Domestic, Opinion — July 28, 2012 at 10:56 am

Don’t Forget About Congress

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Photo from Wikimedia Commons

With the summer of 2012 almost over, the national and international political media are preoccupied with the next US presidential election. But even as the media focuses on Obama and Romney, it is the congressional elections that might truly define the future for the United States and the world.

Congressional elections will determine who will be draft and modify bills, and eventually vote them into law.  Romney and Obama can promise all the reform and changes they want, but once they are in the Oval Office they cannot change anything without the backing of Congress.

The issue of who is elected to Congress is even more important because of the unbearable level of partisanship in our current legislature and political system. The expressed view of the majority of the politicians, media, and people today is that bipartisanship and compromise are bad words that will not get you reelected. Legislators such as Richard Lugar, Orrin Hatch, and Claire McCaskill have been  punished for reaching across the aisle. Partisanship in Washington today has meant that little substantive legislation has been passed in the last two years. It has been filibusters, threats of filibusters, and vote after vote on bills with no hope of passing since the last midterm elections.

There was a time when legislative votes reflected not party lines, but rather the will of the American people, the needs of the constituents, and the conscience of those elected. There were presidencies such as Eisenhower’s, where the commander-in-chief could engage Congress even if it was controlled by the opposing party in order to produce important legislation for the good of the nation. There are also examples like the Clinton administration, when a health care bill championed by the president was rejected by a Congress controlled by his same party. Recent procedural changes, such as the ease of use, and therefore excessive use, of the filibuster, meant that support of Congress is even more important today than ever.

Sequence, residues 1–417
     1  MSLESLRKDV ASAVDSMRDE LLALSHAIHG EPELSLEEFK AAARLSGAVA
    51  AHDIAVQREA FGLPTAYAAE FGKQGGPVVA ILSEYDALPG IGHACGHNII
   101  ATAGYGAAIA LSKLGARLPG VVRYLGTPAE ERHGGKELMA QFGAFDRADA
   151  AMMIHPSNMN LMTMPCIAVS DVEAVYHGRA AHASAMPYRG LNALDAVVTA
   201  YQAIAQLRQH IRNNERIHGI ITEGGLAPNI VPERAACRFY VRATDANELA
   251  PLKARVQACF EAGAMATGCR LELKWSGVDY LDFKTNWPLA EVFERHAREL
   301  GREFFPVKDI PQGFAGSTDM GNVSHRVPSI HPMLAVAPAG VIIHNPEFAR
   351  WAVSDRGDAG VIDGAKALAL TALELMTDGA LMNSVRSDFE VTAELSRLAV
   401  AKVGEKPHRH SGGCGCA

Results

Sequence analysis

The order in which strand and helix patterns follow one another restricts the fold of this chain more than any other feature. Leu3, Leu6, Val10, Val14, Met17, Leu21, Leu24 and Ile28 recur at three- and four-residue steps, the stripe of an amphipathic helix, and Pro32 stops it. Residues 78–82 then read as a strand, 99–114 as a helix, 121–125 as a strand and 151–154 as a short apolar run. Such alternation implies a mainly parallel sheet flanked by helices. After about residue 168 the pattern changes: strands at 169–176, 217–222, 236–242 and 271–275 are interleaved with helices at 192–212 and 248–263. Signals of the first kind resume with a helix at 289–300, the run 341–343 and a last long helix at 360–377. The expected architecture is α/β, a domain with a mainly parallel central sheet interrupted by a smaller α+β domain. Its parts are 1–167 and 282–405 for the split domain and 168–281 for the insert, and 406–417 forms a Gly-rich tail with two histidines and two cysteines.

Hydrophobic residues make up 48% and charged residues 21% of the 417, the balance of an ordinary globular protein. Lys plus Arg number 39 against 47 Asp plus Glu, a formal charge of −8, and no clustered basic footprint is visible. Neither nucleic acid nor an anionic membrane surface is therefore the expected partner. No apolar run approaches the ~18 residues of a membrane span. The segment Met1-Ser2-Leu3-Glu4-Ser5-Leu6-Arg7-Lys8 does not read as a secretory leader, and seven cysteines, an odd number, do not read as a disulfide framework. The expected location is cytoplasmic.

No doubt the position of president is important as the bearer of the ideology and overall strategy. The president is our chief executive, our chief diplomat and commander-in-chief of the Armed Forces. However, it is Congress that has both the power of the purse and the power to enact laws. The president is a lightning rod for public wrath generated by economic down turns, unemployment, and loss in essential social services. However, there should be as much blame on Congress for not passing new taxes, or closing loopholes, and for not passing job creation laws. Congress should focus more on legislating for public good than on the next election.

Everyone should go vote in November and follow not just the presidential race, but also the congressional ones.  Everyone should strive to be well informed on all the candidates’ positions.  Elect them for what they believe and not just their party affiliation.

In the months left leading to the election, we should also ask our candidates to state not only their positions on the issues but also what compromises they envision to allow progress.  We should demand not only debates to see how different the candidates are, but rather mock legislative working sessions to see that they can work with their opposition for the national good.  Intelligence, ideas, and conscience are prerequisites for public servants.  Willingness to listen, to engage in dialog, and to compromise are also key traits. We are a nation of reasonable people, accepting of our neighbors’ differences in cultural and religious views.  We should elect reasonable legislators representative of us. We should be accepting of our varying political views, too.

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  • Adele

    You raise a very important point. Not only has partisanship dominated the inner workings of Congress, but it has further shown the extent of the dichotomy of the U.S population. The loud presence of the far right has caused states such as North Dakota to now face one of the most contested elections for U.S. Senate since Democratic Senator Kent Conrad’s election in 1986. Similar scenarios have been additionally identified in Nebraska and Montana. Since when in the recent past has the upper Midwest been the epicenter of the Democratic-NPL Party’s attention? With the threat of recounts looming in the near future we can only urge people to vote.